The study, “Health-related quality of life and work productivity associated with HiSCR and NRS30 response among patients with moderate to severe hidradenitis suppurativa,” was authored by Dr. Kimball, Analysis Group Managers Min Yang and Yan Song, and Wendell Valdecantos and Arijit Ganguli of AbbVie. Its findings were presented at this year’s American Academy of Dermatology Annual Meeting in March, and an abstract of the study was published in the Journal of the American Academy of Dermatology in June.
The study combined data from two phase 3 clinical trials in which 455 patients were either administered adalimumab therapy or a placebo. Focused on two indicators – NRS30, a measurement of pain control, and Hidradenitis Suppurativa Clinical Response (HiSCR), a measurement of HS lesion control – the study found that both objective disease control and skin-pain control are associated with improved quality of life and work productivity in patients with HS. In addition, patients who had good disease control and who achieved skin-pain control reported additional benefits in PROs.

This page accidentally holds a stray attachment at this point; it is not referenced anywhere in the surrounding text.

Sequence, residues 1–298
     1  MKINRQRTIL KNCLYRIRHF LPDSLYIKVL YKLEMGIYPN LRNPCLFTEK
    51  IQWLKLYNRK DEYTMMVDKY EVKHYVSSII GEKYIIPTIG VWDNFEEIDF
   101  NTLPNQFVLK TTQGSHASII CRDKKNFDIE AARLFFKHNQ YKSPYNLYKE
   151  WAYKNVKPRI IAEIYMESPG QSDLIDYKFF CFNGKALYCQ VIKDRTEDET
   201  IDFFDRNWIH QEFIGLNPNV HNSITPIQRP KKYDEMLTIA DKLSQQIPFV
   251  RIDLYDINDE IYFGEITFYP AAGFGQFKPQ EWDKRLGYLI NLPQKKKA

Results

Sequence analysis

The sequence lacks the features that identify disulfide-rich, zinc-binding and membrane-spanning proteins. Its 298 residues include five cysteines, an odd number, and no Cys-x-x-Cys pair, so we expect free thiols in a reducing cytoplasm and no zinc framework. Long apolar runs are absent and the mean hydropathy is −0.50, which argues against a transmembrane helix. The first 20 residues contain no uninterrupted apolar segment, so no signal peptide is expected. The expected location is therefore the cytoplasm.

The Analysis Group team had previously worked with Dr. Kimball and AbbVie to assess the validity, responsiveness, and meaningfulness of HiSCR as the clinical endpoint for HS treatment, using phase 2 data. The findings of that study, which played a pivotal role in obtaining FDA approval, were published in the British Journal of Dermatology, with Dr. Kimball once again the lead author. ■